It’s Okay to Be Still

It’s Okay to Be Still

We all hear all the time about these unprecedented times. No one has a play book for a global pandemic; teachers, doctors, governors, and even the President are making it up as they go. Stay-at-home-moms, used to making it up as we go, feel a new level of responsibility. We must keep our kids, our husbands and ourselves entertained for a huge chunk of time–all without leaving our yards.

One thing I have already learned is that I’m really bad at being still.

I come by it honestly. My own parents did not model stillness very well. We used to tell my mom, “Quit folding the laundry and just come watch a movie with us!” I get it now. Moms have a hard time turning off their “mom brain.” If we are sitting, we feel as if we’re not serving our families.

Since I have had the time, I’ve been thinking about this on a psychological level. Do I feel my performance as a mother is wrapped up in how much I accomplish in a day? Therefore, do I fail when I sit down and enjoy leisure time? Why do I think these things? Where is this message coming from? 

I know it’s not from my husband or my kids. I think as long as my family is fed and they have clean clothes, they could care less what I do in a day. No, I don’t feel pressure from them. So it must be from myself and/or society.

Society is all about accomplishments. We all want proof of achievements. People live for recognition at work, or in some way or another. As a mom, the recognition is not always there. So do us moms feel like must daily complete a long list of to-dos in order to have achieved something? All good things to think about.

If we look to God, I think we can discover some truths that can set us free and allow us to be still.

First of all, God wants us to have times of stillness…and times to work. It is one of His commands. “For six days work is to be done, but the seventh day is a day of sabbath rest, holy to the LORD” (Exodus 31:15, NIV). He purposefully set aside one day as a day to rest, relax and recuperate.

But more than that, God wants us to be still so we can hear from Him. In Psalm 46:10 God instructs us to, “Be still, and know that I am God.” God knows our tendency to let busyness creep in, therefore pushing Him out. He knows that in order to experience real rest, we must be still and hear from Him, the only one who can refresh our souls. God designed us to need rest and stillness, and He made us to need Him.

be still and know

I love the passage from 1 Kings 19 where Elijah, a prophet of the Lord, goes to the mountain of God and into a cave to spend the night. There, he heard from God. Here is the conversation:

And the word of the Lord came to him: “What are you doing here, Elijah?”

He replied, “I have been very zealous for the Lord God Almighty. The Israelites have rejected your covenant, torn down your altars, and put your prophets to death with the sword. I am the only one left, and now they are trying to kill me too.”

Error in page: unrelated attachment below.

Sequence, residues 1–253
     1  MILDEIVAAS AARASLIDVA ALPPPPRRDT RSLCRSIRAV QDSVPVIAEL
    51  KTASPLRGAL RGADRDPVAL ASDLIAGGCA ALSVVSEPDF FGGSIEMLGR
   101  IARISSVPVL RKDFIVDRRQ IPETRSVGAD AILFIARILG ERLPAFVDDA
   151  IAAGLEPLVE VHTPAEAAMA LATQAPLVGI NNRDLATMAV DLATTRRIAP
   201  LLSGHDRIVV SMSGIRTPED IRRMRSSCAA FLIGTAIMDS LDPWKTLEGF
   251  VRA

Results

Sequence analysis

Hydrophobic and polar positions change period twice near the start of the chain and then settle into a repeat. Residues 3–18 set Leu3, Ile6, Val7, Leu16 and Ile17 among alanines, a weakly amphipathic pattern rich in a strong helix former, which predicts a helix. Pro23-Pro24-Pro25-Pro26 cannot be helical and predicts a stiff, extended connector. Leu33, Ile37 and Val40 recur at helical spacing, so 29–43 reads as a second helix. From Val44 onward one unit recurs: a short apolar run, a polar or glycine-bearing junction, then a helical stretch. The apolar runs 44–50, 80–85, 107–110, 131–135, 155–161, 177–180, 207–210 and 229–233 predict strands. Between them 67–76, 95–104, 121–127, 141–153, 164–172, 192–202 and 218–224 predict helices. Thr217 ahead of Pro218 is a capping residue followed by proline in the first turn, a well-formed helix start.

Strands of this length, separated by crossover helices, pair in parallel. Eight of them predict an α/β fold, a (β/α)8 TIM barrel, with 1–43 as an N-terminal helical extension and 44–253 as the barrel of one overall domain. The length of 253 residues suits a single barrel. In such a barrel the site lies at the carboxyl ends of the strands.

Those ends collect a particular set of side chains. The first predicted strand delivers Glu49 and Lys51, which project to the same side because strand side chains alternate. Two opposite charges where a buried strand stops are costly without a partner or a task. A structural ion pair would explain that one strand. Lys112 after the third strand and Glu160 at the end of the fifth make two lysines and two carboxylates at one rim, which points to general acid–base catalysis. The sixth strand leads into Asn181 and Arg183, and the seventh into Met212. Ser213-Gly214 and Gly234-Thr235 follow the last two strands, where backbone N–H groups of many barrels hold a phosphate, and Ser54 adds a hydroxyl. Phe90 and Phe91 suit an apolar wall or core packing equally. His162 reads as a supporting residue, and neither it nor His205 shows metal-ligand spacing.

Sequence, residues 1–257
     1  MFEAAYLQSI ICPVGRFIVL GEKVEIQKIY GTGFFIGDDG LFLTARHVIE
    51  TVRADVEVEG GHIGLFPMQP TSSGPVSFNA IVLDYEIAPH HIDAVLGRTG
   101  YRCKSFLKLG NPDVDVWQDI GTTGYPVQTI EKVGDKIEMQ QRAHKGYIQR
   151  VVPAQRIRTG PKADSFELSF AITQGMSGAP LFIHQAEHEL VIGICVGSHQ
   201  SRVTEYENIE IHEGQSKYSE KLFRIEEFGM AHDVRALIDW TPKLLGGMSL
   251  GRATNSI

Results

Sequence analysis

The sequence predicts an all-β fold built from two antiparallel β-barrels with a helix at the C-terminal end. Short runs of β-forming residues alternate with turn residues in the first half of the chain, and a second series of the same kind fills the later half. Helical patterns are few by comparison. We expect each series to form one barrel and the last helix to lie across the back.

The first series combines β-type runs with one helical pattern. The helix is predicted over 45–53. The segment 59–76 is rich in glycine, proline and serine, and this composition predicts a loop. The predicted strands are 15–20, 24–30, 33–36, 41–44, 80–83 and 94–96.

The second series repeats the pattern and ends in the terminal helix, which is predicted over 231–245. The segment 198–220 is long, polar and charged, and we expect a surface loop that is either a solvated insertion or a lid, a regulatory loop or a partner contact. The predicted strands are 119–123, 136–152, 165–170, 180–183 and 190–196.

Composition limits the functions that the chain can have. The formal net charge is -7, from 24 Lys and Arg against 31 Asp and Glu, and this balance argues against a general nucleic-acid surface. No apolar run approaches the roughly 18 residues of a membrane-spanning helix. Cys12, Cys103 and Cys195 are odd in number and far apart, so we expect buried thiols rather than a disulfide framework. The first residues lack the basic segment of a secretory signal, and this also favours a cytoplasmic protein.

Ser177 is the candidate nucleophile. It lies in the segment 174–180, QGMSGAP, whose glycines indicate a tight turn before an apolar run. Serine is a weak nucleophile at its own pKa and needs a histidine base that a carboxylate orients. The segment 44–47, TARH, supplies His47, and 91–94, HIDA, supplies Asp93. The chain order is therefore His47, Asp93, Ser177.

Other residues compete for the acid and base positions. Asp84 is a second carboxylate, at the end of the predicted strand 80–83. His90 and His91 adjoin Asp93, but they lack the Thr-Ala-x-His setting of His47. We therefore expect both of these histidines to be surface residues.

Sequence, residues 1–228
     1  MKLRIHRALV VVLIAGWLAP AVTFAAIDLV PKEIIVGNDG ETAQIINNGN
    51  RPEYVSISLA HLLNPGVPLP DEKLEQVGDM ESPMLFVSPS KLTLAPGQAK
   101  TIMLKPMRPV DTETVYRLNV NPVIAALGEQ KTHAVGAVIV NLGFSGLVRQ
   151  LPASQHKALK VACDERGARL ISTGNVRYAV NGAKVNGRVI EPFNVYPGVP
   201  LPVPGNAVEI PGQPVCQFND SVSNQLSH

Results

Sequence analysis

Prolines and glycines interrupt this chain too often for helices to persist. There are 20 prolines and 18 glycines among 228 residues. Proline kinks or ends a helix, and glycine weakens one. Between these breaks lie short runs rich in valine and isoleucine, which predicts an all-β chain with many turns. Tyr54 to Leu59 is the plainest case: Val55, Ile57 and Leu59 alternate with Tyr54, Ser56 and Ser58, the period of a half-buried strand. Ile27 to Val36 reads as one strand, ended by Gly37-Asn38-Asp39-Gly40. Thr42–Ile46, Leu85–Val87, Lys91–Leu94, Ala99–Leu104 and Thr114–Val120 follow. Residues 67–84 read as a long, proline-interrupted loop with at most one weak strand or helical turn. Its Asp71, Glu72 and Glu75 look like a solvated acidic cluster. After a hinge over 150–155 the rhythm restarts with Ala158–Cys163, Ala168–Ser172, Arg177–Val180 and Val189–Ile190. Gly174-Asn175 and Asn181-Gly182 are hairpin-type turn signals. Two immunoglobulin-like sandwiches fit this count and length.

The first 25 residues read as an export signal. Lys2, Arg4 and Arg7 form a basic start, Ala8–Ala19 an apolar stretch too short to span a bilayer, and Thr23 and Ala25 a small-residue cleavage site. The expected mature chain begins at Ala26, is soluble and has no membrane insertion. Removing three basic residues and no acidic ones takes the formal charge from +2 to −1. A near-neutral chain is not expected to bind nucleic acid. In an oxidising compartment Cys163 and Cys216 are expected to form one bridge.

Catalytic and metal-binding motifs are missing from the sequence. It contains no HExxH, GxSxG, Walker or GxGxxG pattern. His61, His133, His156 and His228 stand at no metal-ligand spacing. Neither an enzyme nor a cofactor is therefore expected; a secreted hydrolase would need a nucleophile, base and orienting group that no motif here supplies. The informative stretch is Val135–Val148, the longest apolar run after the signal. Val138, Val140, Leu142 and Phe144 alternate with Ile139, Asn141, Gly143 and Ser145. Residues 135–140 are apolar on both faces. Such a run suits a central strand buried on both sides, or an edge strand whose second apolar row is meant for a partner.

The Lord said, “Go out and stand on the mountain in the presence of the Lord, for the Lord is about to pass by.”

Then a great and powerful wind tore the mountains apart and shattered the rocks before the Lord, but the Lord was not in the wind. After the wind there was an earthquake, but the Lord was not in the earthquake. After the earthquake came a fire, but the Lord was not in the fire. And after the fire came a gentle whisper. When Elijah heard it, he pulled his cloak over his face and went out and stood at the mouth of the cave. (1 Kings 19:9-13)

God revealed Himself to Elijah in a whisper. He was not in the noise and the chaos that happened all around Elijah. He spoke like the whisper of the wind.

We all want to hear from God, but are we putting ourselves in a position to actually hear Him? Are we still? Are we expectant? Are we quiet?

Secondly, we cannot fall into the trap of the enemy and equate busyness with importance or accomplishments with acceptance. You are not the number of things you cross off your to-do list. You are not measured by the cleanliness of your house (thank goodness!). We are loved by God because God chose to create us and love us. Period. The number of things we accomplish each day do not make us more worthy of His love or provision. Our achievements can never save us, nor can they bring about eternal joy. Ephesians 2:8-9 reminds us, “For it is by grace you have been saved, through faith–and this is not from yourselves, it is the gift of God–not by works, so that no one can boast.

Satan wants us to fall for the trap. He knows if we are busy achieving we won’t make time to be still and hear from God.

I know this social distancing/quarantine thing is hard. I’m an extrovert who thrives in large group settings. I’m not so concerned about homeschooling my children, but I am concerned about having no where to go and no people to see.

But we can spin this and look at it in a new light. We have been given the gift of time. We have time to allow ourselves to slow down and hear from God. So instead of wishing away the social distancing, I’m going to pray and ask God to reveal Himself to me in new ways. I’m going to be still, even though it will be a fight, and give myself a chance to hear God’s voice. It’s a fight that will be well worth it.

**Photo by Chimene Gaspar on Unsplash

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Kristen Johnson

Kristen is an "accidental farmer's wife" and stay-at-home mom of 3. Accidental, because it was never in her plan to "just" be a mom. But it was God's. Former English teacher now turned MOPS Coordinator and Speaker, Kristen now writes at nap-time, blogging about her silly kids and her farming adventures, as a mom Called by God. She lives in Minnesota on a farm with her family, dog and 5 cats.
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